2. One could say that society rewards those who can don masks at will, those who can do so without unease. i can and do have a professional demeanour but it’s generally a modulated form of whatever i really am. This modulation has a fairly narrow range; so i can teach almost anyone who isn’t actively rebellious, but could never do some of the jobs suffered by my students, putting up with initiatives & grand new strategies & whatnot every day. i think the difference here is that my professional mask isn’t fake – it’s just a way of presenting my self, in order to do my job. It’s not my complete self but nor is it a lie. And for many jobs it seems necessary to project total enthusiasm into totally false personae – not in order to do the job, but in order not to be fired.

3. i dare say all cultures have always rewarded this spinelessness, but ours seems more pervasively rotten. Speaking of spines, i came across an old blogging associate’s newish site, and have been slowly reading through the archives:

Beckham, of course, will apparently sell anything, however tangential it might be to his footballing career. He is refashioning himself as the male modern Britannia, a symbol of Britishness. And Beckham is certainly the perfect fit for this modern Britain. He embodies our culture because he is the ultimate vessel: good looking but empty, devoid of much significance but capable of being filled with any corporate message. He is so boring and bland he can advertise anything that doesn’t require him to open his mouth. Indeed, his horrible nasal whine is to his benefit because it means that he can spend his time brooding in ads with his white teeth and rank ugly tattoos, the golden boy of a gelded generation. He is the Cadbury Creme Egg of celebrities; just an empty impotent shell of sugary milk chocolate. One size fits all. Just slip a nozzle up his arse and fill him with whatever different coloured fondant meaning we want this week.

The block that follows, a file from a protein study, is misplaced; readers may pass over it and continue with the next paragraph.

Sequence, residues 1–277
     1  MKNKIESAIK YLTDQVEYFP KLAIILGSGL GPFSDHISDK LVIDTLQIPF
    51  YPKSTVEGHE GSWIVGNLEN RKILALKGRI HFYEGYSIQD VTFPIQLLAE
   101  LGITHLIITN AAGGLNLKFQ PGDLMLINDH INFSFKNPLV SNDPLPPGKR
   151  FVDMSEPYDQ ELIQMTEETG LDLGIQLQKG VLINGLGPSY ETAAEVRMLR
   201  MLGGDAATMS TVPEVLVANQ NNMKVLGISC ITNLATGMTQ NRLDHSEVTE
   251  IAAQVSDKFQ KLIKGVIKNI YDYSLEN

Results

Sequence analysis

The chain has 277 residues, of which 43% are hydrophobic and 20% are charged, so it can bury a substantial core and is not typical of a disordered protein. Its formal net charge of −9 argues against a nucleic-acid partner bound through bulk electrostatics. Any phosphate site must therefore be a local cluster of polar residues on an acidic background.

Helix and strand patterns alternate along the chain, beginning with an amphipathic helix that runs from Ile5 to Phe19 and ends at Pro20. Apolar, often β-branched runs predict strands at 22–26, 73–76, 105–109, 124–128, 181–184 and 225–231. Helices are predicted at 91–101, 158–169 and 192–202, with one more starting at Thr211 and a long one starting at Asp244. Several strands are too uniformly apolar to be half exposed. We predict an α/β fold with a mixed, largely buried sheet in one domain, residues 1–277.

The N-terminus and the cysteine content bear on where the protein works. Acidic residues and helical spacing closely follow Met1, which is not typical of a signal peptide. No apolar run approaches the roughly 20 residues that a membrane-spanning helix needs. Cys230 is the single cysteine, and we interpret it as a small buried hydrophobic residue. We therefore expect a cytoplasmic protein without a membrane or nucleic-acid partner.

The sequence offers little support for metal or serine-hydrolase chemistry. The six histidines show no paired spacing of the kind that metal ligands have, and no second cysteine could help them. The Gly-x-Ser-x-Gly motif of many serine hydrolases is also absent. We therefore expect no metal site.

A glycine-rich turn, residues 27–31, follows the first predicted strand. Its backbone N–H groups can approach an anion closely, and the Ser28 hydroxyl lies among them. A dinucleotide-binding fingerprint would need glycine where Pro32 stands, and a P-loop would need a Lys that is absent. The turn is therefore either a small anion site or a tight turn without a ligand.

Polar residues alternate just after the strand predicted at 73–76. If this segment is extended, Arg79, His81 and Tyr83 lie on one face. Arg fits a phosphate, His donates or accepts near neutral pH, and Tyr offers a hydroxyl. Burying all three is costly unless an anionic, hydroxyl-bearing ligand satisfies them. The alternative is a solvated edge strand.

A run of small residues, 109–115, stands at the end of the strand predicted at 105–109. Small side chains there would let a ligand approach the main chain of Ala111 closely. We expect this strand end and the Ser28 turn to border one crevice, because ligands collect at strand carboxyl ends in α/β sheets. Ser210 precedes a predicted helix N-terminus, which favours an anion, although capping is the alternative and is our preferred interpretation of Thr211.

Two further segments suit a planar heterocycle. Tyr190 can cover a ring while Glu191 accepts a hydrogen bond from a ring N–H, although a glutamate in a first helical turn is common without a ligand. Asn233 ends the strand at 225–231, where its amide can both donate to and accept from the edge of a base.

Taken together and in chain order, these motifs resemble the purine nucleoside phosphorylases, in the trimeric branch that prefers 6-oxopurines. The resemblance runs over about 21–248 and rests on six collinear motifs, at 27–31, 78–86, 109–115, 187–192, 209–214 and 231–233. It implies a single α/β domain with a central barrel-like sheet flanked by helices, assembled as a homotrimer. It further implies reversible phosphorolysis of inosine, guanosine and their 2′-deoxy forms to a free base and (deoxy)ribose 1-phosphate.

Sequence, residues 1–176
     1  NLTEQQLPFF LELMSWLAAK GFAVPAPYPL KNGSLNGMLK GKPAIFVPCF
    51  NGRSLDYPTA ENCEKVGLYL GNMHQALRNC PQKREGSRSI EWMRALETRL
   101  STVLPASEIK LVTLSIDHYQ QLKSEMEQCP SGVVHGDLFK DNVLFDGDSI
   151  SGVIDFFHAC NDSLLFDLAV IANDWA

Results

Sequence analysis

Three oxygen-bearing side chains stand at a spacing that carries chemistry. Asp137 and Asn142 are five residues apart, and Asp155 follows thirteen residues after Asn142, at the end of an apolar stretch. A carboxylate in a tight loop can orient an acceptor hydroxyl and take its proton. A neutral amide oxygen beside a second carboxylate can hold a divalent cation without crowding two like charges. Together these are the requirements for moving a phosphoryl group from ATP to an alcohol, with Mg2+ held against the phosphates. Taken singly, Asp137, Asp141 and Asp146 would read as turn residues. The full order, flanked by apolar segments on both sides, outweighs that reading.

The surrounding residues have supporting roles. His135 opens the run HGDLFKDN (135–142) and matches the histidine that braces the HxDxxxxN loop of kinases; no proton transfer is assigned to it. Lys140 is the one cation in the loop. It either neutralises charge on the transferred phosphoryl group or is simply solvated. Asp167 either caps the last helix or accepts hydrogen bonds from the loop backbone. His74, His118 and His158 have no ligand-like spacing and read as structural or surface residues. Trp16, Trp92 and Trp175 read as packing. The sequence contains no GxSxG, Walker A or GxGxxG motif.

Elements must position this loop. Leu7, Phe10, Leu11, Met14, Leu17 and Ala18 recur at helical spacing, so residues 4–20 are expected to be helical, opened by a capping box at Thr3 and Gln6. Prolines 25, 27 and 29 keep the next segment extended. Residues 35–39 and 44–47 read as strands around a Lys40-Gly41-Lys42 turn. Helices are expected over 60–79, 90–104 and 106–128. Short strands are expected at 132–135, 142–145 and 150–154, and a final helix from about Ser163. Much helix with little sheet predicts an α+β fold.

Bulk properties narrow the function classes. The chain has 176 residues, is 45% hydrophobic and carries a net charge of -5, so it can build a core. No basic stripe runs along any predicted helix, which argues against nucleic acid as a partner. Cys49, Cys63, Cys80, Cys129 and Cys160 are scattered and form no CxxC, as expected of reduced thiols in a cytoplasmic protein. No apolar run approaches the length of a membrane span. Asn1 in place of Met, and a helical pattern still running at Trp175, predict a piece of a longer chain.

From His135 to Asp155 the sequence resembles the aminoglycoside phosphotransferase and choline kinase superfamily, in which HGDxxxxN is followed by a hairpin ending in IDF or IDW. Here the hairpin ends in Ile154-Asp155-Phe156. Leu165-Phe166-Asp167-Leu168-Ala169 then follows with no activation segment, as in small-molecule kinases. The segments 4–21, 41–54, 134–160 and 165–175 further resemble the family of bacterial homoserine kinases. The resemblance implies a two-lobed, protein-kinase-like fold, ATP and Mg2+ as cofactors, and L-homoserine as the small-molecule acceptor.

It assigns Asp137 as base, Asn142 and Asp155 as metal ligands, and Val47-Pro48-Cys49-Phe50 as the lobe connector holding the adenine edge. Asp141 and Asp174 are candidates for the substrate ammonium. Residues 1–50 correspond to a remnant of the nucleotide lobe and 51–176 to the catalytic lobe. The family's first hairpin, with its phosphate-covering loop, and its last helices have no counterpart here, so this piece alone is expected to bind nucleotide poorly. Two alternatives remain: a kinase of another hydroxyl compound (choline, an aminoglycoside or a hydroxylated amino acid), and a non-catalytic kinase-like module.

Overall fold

and

I sometimes think that the worst thing you could be in these enlightened days is a white, heterosexual male stuck in a no-name northern town and not suffering from any serious but TV-friendly disability.